Northwest layoffs to be announced today; federal relief pending

by Justin Ware

Northwest will announce Friday workforce reductions it will make in the wake of the terrorist attacks on the East Coast.

Several other airlines of similar size have already announced cutbacks this week.

On Sept. 15, Northwest said it would be reducing its flight capacity 20 percent. The new flight schedule takes effect Oct. 1.

“If it’s a real slow night, they’ll send people home,” said Mark Gore, a University senior and Northwest employee.

Gore said the airline has been facing tough times for at least the past couple of months and subsequently looked into reducing its number of employees before the Federal Aviation Administration grounded all U.S. air traffic after the Sept. 11 attacks.

“They were well prepared for (cutting back employees),” he said.

Other airlines also announced labor force cuts.

Last weekend, Continental announced it would be releasing 12,000 employees.

Boeing, one of the world’s leading airline manufacturers, said Wednesday that it expects to lay off as many as 20,000 to 30,000 employees by the end of 2002.

Two of the country’s largest airlines followed suit Thursday – United and American Airlines each said they would have to lay off about 20,000 employees.

“This is, without a doubt, the most difficult thing I have had to do in my two decades at American,” said American Airlines Chairman and CEO Don Carty.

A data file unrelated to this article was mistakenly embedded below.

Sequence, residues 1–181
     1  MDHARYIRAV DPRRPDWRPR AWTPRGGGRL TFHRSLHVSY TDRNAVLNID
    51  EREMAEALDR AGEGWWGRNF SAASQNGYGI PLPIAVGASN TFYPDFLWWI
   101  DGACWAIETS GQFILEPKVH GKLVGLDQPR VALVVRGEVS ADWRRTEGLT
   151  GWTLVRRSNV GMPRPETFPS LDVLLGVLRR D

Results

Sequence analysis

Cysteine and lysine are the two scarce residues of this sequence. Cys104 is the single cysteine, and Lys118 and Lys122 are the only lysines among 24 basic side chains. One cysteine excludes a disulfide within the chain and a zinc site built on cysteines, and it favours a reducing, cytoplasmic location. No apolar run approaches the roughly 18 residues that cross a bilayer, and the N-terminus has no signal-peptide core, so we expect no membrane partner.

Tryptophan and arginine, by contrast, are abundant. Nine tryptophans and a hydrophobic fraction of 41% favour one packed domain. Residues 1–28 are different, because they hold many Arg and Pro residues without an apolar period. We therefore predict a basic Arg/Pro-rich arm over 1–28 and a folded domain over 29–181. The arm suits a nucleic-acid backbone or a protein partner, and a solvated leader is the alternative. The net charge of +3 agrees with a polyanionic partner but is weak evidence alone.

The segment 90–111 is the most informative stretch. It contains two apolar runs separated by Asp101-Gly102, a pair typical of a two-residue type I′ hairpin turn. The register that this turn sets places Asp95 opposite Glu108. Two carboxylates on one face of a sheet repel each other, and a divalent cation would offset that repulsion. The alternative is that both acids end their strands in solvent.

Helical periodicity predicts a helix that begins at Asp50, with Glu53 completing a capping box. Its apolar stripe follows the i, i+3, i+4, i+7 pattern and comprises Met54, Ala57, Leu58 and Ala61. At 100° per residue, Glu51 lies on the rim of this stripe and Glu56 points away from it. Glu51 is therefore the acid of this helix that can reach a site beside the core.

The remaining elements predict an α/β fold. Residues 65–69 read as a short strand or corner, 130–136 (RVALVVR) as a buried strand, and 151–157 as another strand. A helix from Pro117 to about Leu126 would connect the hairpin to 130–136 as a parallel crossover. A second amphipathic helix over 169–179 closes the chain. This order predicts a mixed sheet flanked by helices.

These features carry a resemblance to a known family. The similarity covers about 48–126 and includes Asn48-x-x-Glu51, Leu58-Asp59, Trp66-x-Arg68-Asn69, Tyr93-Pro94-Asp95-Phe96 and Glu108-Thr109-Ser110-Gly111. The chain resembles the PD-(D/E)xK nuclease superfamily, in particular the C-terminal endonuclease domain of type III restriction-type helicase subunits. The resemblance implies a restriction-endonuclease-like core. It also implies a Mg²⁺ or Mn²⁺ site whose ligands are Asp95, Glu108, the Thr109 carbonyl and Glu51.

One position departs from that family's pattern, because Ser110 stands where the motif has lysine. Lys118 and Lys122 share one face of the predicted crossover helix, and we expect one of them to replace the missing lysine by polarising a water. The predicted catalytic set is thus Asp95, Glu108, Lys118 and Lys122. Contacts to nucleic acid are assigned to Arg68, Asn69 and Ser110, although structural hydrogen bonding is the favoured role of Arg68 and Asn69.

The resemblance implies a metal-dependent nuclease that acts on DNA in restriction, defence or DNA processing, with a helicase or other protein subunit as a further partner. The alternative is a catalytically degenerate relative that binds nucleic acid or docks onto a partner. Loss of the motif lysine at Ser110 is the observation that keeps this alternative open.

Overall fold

American said it would make cuts in nearly all areas, including management and support staff.

According to the press release, the airline would not be able to give any of the “traditional separation practices,” or severances, to its employees as they would not be “financially feasible.”

American and United, reductions notwithstanding, employ 138,000 and 100,000 respectively – nearly twice the number employed by Northwest.

Like Northwest, both larger airlines reduced their flight capacities by 20 percent.

“Our company’s very survival depends on dramatic change to our operations, our schedule and worst of all, our staffing levels,” Carty said.

Airlines say the combination of reduced passenger demand, being shut down for almost two days and increased FAA security demands – for which airlines currently pay – have created a dire situation for the multi-billion-dollar business.

Executives from many of the nation’s large carriers met in Washington, D.C., this week to ask for federal assistance to offset some of their costs.

“Without this relief, the viability of the nation’s air transportation system is in doubt,” United Airlines Chairman and CEO James Goodwin said.

Goodwin said the airlines’ role in helping the world recover from the Sept. 11 attacks is instrumental.

“The airline industry’s contributions to the U.S. gross domestic product and its ability to connect business and communities across the globe will be critical,” he said.

Facing decreased demand for new plane deliveries, Boeing has pursued other options to continue its operations.

In a press release, Boeing said it is working to apply its military aircraft and missiles in the war against terrorism.

Phil Condit, Boeing chairman and CEO, said, “The company is ready to apply all of its wide-ranging technological resources in stepping up to the challenges created by these tragic events.”